News Column

Studies Offer Conflicting Previews of Auto Sales

May 18, 2011
People shopping for a new car

While one trusted automotive study suggest that the U.S. auto market will bounce back to 16 million sales by 2013, another report says Americans are scrapping cars faster than buying replacements and plan to do so for some time, potentially slowing the industry's recovery.

Consulting firm A.T. Kearney's annual automotive study, released Tuesday, presents the optimistic case. Americans will buy 13.2 million new vehicles this year, 15.2 million in 2012 and return to pre-recession level of 16 million vehicles in 2013. Consumers will continue to replace aging vehicles kept during the worst of the 2008-2009 recession. Lenders who stopped financing people who lost jobs or houses are expected to be slightly more willing to make higher-risk loans.

But Itay Michaeli, Citi Investment Research auto analyst, has put forth a more cautionary view, concluding that the industry sales won't rise above 14.5 million vehicles by 2013.

He says Americans are buying new vehicles more slowly than they are scrapping old ones -- a trend that has never happened before and that will be a strong deterrent to the future sales recovery.

"Essentially, society accumulated too many vehicles over the past several years, for which it is now correcting," Michaeli said Tuesday.

According to R.L. Polk, the Southfield, Mich.-based automotive research firm, consumers scrapped 2.1 million more vehicles than they replaced with new ones since 2008.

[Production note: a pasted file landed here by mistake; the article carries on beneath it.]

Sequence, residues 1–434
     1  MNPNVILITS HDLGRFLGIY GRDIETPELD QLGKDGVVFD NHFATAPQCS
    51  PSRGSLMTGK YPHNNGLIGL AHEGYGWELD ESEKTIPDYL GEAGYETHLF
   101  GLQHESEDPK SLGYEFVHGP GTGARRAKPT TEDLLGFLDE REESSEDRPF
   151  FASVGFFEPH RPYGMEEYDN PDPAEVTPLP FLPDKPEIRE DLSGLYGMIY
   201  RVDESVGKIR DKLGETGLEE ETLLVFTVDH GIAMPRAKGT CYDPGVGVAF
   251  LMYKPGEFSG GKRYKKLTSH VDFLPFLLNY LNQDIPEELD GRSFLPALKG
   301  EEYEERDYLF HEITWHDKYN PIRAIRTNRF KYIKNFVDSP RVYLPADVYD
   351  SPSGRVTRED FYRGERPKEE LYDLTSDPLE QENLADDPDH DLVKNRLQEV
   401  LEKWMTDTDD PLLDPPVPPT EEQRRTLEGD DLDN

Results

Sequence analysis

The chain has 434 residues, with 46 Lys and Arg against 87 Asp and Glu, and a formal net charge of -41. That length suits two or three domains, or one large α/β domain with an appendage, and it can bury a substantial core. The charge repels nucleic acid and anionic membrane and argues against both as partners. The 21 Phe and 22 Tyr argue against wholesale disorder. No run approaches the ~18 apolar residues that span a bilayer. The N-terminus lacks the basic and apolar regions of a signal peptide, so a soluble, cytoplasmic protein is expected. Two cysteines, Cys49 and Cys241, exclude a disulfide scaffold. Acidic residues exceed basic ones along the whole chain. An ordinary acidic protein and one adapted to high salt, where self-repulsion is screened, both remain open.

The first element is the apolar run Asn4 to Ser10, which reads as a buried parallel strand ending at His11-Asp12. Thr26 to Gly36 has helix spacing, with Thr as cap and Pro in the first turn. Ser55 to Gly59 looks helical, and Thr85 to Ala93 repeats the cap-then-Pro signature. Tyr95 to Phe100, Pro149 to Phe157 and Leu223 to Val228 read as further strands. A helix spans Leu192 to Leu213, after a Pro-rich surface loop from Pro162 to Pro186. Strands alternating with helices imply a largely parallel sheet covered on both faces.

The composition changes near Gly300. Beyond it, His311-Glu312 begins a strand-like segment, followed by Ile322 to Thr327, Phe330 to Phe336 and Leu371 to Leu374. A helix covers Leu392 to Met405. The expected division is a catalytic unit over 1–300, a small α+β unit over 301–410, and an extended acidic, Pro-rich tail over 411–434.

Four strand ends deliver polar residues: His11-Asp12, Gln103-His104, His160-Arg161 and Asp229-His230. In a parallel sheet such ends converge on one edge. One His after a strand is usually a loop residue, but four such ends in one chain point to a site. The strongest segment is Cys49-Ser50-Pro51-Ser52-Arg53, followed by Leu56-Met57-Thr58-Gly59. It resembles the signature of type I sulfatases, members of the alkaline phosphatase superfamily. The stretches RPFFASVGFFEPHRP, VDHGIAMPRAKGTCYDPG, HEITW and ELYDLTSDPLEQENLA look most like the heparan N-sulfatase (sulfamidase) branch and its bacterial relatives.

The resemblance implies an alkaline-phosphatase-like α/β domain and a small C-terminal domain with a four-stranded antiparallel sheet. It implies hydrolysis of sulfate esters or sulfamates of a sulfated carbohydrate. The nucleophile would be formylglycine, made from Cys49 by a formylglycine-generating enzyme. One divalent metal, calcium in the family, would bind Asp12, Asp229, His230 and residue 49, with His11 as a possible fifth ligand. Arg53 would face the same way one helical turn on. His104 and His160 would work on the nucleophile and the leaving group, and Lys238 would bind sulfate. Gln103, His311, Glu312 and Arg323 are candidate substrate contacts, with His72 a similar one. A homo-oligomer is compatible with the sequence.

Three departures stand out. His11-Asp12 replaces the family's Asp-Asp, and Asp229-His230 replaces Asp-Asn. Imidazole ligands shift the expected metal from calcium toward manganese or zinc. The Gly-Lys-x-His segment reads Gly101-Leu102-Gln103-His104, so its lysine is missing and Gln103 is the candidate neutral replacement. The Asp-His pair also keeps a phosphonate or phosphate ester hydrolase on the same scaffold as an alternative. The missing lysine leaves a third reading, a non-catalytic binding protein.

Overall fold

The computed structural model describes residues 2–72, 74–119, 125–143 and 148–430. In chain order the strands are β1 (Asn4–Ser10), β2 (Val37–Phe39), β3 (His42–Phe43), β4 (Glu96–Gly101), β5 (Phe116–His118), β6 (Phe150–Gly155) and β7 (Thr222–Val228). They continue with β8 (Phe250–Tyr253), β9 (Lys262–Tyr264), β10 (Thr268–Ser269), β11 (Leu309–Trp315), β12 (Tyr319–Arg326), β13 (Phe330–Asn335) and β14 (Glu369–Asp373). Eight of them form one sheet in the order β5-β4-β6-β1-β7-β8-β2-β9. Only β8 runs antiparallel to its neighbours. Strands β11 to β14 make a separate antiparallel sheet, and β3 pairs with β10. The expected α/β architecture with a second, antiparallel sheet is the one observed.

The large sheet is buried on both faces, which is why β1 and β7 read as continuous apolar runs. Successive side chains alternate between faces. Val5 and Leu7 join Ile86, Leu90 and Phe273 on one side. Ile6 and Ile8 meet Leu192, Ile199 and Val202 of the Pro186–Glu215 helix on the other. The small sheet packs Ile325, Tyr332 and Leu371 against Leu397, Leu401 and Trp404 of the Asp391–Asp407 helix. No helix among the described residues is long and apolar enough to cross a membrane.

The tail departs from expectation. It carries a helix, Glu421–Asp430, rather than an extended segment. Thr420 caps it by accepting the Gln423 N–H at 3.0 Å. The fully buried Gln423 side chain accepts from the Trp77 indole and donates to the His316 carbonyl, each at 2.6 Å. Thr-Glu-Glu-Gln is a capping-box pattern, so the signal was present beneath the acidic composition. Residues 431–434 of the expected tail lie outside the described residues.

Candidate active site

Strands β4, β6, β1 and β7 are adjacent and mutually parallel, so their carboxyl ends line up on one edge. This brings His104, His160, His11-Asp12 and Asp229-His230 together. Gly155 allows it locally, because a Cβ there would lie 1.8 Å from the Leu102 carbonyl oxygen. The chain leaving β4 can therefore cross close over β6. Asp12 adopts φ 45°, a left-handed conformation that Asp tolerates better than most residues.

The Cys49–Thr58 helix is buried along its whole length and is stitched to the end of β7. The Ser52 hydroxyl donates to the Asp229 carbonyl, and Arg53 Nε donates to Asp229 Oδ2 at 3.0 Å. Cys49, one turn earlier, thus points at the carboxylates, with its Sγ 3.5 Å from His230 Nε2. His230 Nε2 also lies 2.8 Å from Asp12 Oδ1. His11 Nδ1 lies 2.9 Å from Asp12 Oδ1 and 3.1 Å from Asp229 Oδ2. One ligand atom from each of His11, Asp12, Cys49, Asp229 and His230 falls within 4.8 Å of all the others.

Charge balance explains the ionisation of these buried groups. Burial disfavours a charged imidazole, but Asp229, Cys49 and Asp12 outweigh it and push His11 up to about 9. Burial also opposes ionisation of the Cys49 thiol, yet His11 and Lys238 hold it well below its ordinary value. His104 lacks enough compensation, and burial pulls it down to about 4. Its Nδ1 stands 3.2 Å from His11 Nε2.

"This severity of this flush was caused both by the deep economic downturn and the 'over-buy' that occurred since the 1990s, unquestionably aided by incentives and credit," he wrote.

The ratio of vehicles per driver hit an all-time high of 1.18 in 2006 at the peak of the housing bubble. Today, it is still high at 1.14. But if it falls to the 1.04 to 1.08 range, Michaeli predicts annual sales won't exceed 14.5 million by 2013.

Michaeli's research for Citi Investment is based on a survey of 2,700 consumers every five months since March 2010.

The last survey, conducted earlier this month, included three questions: How many vehicles does your household have? How many do you expect to have two years from now? Why will you add or subtract vehicles? While 10 percent of respondents expected to add a vehicle, 14 percent expected to have fewer. That is the largest gap between potential buyers and sellers since the first survey in March 2010.

"The recession has weighed on their long-term view of how prosperous their lives will be," Michaeli said.

Dan Cheng, leader of A.T. Kearney's automotive practice, said the average vehicle on U.S. roads is now 10.4 years old, a post-World War II high. But the need to replace the aging fleet will drive new vehicle sales higher sooner. Cheng estimates American consumers have kept about 32 million vehicles since 2007 that they would have replaced if the downturn had not occurred.

About 9 million of those will be replaced by new vehicles by 2018. The remaining 23 million will be replaced by relatively newer used vehicles.

Another reason for optimism: banks and automotive finance companies are beginning to reconsider "subprime" borrowers, those with credit scores below 620. From mid-2008 through 2010, fewer than one of every five such sub-prime borrowers were approved for car loans. Cheng estimated that if banks approve just two of every five subprime auto loan applicants, that would result in 800,000 additional new vehicle sales.



Source: Copyright Detroit Free Press 2011


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